(This is the second part of a three-part deep dive into the current state of the world’s music NFT industry and how it is making an impact on society)
NFT scam site HitPiece.com and its founders were sent a demand letter on Friday by the Recording Industry Association of America (RIAA) demanding that the site stop violating music creator Intellectual Property rights, detail all site activities, and revenue to date, and account for all NFTs and artwork auctioned.
Chief Executive and Chairman Mitch Glazier explained why the RIAA was able to move so quickly in a statement to the press:
“As music lovers and artists embrace new technologies like NFTs, there is always someone looking to take advantage of their energy and excitement.”
According to Glazier, given the way fans were misled and defrauded by these unauthorized NFTs and the massive danger they posed to both fans and artists, “it was clear that we needed to act immediately and urgently to defend fairness and honesty in the marketplace.”
HitPiece.com is now offline.
Blockchain To The Rescue
Revenues from streams are constantly rolling, but artists still have it tough to make a living for them.
According to recent stats and figures, Spotify, the biggest audio-streaming subscription service yet pays $0.0032 per play. Meanwhile, Apple Music, the second-largest audio-streaming subscription service pays $0.0056 per play. YouTube’s revenue dips as low as $0.0009.
Here’s where NFT is a hit. Blockchain technology is saving the music industry by making records scarce and secured again.
Anything music-related can be tokenized. From music tracks, audio sounds, album cover, artwork, concert tickets, to unique artist merchandise— all of these can be paired by their own NFTs. Artists are able to create and produce various content for their audiences out of their own doing.
Next… Musicians get to build their own community and connect with their fans through NFTs.
From a fan perspective, NFTs are also a win.
Why spend hundreds of dollars on records, iTunes, Spotify, and Apple Music when you know that these don’t go directly to your favorite artists?
Total crypto market cap at $1.86 trillion in the daily chart | Source: TradingView.com
Making Ends Meet In The NFT Industry
Since the rise of NFTs, musicians, both popular and rising, have come to realize that they could go directly to their fans for revenues instead of relying on unfair music label deals.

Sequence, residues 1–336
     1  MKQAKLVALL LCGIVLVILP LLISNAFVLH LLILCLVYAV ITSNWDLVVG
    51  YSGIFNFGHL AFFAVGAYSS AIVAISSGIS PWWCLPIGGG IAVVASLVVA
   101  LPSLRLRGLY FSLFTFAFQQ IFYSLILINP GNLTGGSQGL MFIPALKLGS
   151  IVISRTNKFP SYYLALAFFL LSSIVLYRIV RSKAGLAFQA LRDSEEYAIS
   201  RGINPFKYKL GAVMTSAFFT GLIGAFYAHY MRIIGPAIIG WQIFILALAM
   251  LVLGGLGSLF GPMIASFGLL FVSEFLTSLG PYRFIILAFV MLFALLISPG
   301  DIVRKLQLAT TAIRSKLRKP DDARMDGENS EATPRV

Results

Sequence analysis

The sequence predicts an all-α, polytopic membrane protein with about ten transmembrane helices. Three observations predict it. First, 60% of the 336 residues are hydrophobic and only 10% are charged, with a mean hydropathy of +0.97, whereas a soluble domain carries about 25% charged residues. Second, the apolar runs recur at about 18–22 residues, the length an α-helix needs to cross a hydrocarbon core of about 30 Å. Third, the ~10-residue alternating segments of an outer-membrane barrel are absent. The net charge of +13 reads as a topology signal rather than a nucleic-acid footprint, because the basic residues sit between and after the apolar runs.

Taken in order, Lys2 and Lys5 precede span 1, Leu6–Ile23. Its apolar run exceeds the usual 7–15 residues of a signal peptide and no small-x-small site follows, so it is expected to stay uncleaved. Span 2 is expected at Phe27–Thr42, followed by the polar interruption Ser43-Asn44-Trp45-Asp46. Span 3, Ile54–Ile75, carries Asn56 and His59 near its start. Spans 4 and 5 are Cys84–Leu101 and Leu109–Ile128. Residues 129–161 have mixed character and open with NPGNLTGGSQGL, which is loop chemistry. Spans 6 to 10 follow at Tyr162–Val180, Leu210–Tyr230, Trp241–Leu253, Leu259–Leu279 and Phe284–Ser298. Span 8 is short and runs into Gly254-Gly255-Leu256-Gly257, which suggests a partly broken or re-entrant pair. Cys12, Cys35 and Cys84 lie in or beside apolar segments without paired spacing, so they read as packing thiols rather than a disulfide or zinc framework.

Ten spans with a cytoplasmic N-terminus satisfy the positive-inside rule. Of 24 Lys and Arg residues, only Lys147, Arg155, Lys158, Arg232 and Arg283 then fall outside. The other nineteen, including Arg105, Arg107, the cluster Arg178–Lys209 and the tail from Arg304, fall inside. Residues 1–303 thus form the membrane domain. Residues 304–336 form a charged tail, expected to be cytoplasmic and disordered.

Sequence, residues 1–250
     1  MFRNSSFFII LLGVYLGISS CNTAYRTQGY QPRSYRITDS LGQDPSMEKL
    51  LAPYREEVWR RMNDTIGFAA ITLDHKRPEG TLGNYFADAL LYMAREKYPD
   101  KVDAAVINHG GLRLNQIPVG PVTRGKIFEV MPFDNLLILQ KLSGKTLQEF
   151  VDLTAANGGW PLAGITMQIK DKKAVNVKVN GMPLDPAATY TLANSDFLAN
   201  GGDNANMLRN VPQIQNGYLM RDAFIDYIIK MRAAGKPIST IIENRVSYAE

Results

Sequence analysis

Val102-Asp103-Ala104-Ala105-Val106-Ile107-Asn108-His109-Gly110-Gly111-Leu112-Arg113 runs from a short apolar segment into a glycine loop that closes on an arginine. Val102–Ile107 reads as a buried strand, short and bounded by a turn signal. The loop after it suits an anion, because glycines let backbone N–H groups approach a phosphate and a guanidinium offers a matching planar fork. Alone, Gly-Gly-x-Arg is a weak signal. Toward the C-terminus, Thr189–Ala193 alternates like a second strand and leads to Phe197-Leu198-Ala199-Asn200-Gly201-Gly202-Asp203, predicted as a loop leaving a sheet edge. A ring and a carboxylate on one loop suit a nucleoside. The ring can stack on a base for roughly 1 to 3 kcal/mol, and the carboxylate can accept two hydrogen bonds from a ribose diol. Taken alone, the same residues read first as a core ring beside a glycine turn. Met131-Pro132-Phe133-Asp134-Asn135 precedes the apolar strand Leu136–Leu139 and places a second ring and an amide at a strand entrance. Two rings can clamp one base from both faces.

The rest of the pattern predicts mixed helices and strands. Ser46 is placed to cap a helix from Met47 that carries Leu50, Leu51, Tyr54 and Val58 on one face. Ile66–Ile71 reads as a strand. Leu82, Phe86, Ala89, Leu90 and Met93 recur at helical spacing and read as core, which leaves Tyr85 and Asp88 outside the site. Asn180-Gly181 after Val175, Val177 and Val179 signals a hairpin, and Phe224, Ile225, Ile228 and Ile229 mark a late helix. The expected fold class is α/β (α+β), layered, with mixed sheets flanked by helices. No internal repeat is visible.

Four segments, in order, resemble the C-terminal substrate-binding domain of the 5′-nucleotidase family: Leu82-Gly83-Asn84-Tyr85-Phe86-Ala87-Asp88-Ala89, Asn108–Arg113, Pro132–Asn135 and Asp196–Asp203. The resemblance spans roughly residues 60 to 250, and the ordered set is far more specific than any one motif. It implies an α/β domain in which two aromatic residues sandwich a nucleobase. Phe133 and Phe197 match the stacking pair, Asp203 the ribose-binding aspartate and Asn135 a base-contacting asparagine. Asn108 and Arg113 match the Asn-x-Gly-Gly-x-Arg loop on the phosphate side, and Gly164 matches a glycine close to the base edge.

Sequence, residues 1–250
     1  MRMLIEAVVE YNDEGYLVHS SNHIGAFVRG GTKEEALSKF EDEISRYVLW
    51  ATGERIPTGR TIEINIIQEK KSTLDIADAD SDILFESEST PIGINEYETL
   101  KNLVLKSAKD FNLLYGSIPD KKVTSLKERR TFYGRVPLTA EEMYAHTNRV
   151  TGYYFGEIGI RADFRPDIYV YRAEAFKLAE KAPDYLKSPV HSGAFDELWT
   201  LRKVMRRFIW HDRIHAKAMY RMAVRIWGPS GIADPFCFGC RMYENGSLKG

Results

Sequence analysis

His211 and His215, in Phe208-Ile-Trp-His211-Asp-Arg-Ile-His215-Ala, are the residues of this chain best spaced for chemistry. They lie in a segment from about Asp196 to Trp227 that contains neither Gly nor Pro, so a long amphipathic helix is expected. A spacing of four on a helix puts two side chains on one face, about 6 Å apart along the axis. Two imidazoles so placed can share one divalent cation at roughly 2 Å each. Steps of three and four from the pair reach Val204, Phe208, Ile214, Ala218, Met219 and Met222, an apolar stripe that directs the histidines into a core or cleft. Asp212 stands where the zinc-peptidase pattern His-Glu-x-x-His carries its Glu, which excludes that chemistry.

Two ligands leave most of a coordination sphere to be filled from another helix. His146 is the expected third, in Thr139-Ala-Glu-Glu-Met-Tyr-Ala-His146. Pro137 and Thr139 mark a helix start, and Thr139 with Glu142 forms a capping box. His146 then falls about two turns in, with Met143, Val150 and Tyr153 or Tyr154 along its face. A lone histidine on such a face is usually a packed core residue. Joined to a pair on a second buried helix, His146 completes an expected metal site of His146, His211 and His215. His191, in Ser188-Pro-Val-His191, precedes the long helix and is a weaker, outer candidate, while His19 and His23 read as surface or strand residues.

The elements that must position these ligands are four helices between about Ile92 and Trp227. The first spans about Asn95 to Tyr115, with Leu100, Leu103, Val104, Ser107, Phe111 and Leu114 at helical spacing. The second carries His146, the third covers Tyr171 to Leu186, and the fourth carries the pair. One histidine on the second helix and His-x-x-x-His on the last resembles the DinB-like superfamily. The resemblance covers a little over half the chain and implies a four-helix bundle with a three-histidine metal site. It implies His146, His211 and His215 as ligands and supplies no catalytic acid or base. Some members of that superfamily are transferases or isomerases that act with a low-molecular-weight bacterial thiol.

They can sell unique, tokenized versions of their songs, albums, performances, and digital artwork, and get marginally higher profits than ever.
The NFT industry is setting a new stage for creators to market and sell their digital assets, expanding the limitations of how art, music, literature, and more can be disseminated, owned, and consumed.
Brett Shear, an NFT collector who invested in around 45 songs on the music platform Catalog for which he paid more than 40 ETH or $177,000, said that buying NFTS connected him to the music on a deeper level.
“In the same way that you buy art that you want to put in your apartment, I want to listen to this music and enjoy it — and it’s a different feeling to own it. I’m happy spending money on artists that I believe in their vision — and in addition to that, I do believe that music NFTs are going to be significantly more valuable in the future,” Shear said.
Related Reading / Music NFTs Are Taking Over 2022 – And Here’s Why
On Funding And Playing The Right Chords
Fan funding also comes around as a trend in NFT music.
Here, supporters can invest money in the musicians’ works. In exchange, they will be allowed to own portions of the music. This then enables the artists to raise funding for songs and albums.
Especially during this pandemic, artists are eyeing this opportunity as a great innovation to save themselves from the financial windfall. While attending to their dedicated fanbases’ desires, they also get to earn money.
This is best exemplified by Chicago rapper Ibn Inglor, who successfully raised $92,000 by selling various digital assets for fans — including shares of his upcoming album’s royalties.
Singer Daniel Allan — whose songs got millions of plays in a year — only earned a few hundred bucks monthly from streaming. When he made his foray into the NFT industry, Allan said that having a hundred true fans is much better than garnering many casual listeners.
He focuses his time instead of talking with his fans on his Discord, listening to their feedback, and building a solid community. Since many of them have a share of his masters, they are thus deeply invested in his success, not only interested in the financial side of it.
(To be continued tomorrow)
Featured image from Pixabay, chart from TradingView.com